For members of the queer community, there are several unspoken and vital rules that come into play in many situations, mainly for you to not be assaulted or worse (and it's all too often worse). Make sure your movements are measured and fit within the realm of possible heterosexuality. Keep your music low and let no one hear who you listen to. Avoid every shred of anything stereotypically gay or feminine like the plague. Tell the truth without details when you can and tell half-truths with real details if you must. And above all, learn how to clear your search history. At twenty, I remember my days of teaching my puberty-stricken body the lessons I thought no one else was learning. Over time I learned the more subtle and more important lessons of what exactly gay culture is. Now a man with a head and social media accounts full of gay indicators, I find myself wondering both what it all means and more importantly, does it even matter?

To the question of whether it matters, the answer is naturally yes and no (and no, that's not my answer because I'm a Gemini). The month of June has the pleasure of being the time of year when the LGBT+ community embraces the hateful rhetoric and indulges in one of the deadly sins. Pride. Marsha P. Johnson and Sylvia Rivera, the figures at the head of the gay liberation movement, fought for something larger than themselves and as with the rest of the LGBT+ community, Pride is more than a parade of muscular white men dancing in their underwear. It's a time of reflection, of mourning, of celebration, of course, and most importantly, of hope. Pride is a time to look back at how far we've come and realize that there is still a far way to go.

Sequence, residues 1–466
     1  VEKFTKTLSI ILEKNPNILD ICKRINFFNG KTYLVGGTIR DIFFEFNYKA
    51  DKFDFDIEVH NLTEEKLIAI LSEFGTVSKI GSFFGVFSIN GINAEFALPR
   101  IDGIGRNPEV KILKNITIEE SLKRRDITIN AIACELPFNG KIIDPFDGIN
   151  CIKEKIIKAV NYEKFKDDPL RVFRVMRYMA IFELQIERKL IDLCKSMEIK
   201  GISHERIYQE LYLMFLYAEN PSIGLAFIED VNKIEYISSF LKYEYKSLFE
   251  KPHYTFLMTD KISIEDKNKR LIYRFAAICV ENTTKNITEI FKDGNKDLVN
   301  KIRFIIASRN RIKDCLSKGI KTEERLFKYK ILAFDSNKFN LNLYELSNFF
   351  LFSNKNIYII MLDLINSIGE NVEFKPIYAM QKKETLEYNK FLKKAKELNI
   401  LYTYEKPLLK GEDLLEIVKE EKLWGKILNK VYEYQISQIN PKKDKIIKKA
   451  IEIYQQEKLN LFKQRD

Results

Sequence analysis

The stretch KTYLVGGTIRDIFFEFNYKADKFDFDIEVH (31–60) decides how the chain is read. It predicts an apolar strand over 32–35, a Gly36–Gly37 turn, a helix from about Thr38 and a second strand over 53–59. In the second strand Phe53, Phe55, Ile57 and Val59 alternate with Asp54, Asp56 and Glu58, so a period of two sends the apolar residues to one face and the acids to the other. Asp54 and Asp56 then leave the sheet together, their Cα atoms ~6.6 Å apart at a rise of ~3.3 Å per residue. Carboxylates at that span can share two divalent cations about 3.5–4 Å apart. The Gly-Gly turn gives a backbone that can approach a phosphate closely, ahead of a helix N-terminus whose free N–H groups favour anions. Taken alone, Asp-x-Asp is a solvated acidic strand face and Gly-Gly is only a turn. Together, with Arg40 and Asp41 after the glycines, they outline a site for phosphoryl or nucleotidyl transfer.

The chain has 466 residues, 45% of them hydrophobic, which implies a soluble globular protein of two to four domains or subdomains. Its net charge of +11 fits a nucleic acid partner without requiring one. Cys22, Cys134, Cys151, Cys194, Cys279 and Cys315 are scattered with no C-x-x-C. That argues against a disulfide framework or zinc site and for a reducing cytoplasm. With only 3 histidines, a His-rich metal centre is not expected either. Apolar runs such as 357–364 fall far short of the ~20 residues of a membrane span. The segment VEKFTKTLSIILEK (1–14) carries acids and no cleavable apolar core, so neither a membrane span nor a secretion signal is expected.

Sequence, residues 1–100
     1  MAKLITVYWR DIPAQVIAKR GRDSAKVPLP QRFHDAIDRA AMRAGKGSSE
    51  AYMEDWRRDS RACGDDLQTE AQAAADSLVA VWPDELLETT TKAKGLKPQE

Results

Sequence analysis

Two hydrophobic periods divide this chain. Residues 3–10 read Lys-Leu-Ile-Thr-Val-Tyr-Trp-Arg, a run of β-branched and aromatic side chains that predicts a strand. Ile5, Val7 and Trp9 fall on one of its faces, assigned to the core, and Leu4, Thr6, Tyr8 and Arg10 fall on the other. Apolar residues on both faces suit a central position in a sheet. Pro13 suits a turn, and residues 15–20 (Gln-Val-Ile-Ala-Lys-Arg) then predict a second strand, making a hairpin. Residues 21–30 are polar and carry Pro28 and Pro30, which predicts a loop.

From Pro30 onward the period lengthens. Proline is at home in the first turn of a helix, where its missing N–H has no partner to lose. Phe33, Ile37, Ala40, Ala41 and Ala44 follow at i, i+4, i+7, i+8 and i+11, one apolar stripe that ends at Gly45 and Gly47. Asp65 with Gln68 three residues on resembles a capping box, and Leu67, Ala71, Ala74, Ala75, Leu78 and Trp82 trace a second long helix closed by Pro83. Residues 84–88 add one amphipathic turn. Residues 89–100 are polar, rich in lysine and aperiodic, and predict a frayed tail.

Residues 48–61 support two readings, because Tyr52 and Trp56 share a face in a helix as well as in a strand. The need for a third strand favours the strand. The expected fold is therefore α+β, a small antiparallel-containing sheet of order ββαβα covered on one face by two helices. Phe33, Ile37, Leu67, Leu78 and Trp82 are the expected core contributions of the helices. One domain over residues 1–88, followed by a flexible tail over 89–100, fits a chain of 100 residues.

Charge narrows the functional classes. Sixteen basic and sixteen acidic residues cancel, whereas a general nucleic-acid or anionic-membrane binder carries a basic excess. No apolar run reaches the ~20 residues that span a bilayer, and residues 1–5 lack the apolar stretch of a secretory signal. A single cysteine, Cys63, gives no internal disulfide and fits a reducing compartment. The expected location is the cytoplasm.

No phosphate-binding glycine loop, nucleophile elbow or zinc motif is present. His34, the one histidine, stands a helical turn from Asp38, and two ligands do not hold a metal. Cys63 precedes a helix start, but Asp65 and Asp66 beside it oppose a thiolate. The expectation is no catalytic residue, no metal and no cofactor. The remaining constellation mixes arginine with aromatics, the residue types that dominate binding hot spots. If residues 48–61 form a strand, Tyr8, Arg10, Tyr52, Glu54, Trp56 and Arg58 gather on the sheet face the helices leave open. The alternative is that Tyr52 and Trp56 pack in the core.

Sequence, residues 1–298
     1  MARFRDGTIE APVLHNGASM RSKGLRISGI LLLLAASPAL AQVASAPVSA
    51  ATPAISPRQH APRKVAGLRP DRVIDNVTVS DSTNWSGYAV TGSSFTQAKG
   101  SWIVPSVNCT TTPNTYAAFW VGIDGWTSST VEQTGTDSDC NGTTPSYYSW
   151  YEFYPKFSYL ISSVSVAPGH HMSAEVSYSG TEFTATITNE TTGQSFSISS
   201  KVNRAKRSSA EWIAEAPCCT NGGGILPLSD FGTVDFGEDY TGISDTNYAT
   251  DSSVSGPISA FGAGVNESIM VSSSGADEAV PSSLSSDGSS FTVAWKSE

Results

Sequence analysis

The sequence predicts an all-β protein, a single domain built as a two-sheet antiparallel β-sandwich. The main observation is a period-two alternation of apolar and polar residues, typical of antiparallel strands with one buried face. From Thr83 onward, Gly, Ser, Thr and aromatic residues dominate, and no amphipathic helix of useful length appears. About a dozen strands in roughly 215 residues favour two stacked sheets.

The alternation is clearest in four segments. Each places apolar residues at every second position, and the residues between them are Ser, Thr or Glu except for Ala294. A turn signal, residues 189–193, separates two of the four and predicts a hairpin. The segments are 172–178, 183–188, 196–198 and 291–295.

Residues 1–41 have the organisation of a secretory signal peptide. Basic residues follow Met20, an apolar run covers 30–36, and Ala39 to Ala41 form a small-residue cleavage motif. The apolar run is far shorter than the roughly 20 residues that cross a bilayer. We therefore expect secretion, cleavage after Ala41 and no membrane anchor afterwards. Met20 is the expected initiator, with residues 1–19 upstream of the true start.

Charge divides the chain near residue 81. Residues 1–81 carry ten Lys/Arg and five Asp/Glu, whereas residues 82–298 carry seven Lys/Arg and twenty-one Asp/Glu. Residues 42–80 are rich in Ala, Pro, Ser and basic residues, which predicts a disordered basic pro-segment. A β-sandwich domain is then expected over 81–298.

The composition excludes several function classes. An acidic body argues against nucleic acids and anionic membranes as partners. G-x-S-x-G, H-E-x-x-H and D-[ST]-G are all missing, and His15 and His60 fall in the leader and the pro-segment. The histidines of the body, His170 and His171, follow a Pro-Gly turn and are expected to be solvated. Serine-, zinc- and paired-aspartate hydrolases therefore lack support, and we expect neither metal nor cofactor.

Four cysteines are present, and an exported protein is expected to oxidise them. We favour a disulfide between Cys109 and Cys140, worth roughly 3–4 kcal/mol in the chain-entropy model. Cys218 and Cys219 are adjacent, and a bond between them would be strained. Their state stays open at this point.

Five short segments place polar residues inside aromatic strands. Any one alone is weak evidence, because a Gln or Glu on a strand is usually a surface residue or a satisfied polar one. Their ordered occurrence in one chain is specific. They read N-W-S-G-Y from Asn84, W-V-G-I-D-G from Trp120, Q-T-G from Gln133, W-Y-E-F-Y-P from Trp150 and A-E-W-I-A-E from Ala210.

This year marks fifty years since the Stonewall Riots and the gay liberation movement launched onto the world stage, thus making the learning and embracing of gay culture that much more important. The waves of queer people that come after the AIDS crisis has been given the task of rebuilding and redefining. The AIDS crisis was more than just that. It was Death itself stalking through the community with the help of Regan doing nothing. It was going out with friends and your circle shrinking faster than you can try or even care to replenish. Where do you go after the apocalypse? The LGBT+ community was a world shut off from access by a touch of death and now on the other side, we must weave in as much life as we can.

But we can't freeze and dwell of this forever. It matters because that's where we came from, but it doesn't matter because that's not where we are anymore. We're in a time of rebirth and spring. The LGBT+ community can forge a new identity where the AIDS crisis is not the defining feature, rather a defining feature to be immortalized, mourned, and moved on from.

And to the question of what does it all mean? Well, it means that I'm gay and that I've learned the central lesson that all queer people should learn in middle school. It's called Pride for a reason. We have to shoulder the weight of it all and still hold our head high and we should. Pride is the LGBT+ community turning lemons into lemon squares and limoncello. The lemon squares are funeral cakes meant to mourn and be a familiar reminder of what passed, but the limoncello is the extravagant and intoxicating celebration of what is to come. This year I choose to combine the two and get drunk off funeral cakes. Something tells me that those who came before would've wanted me to celebrate.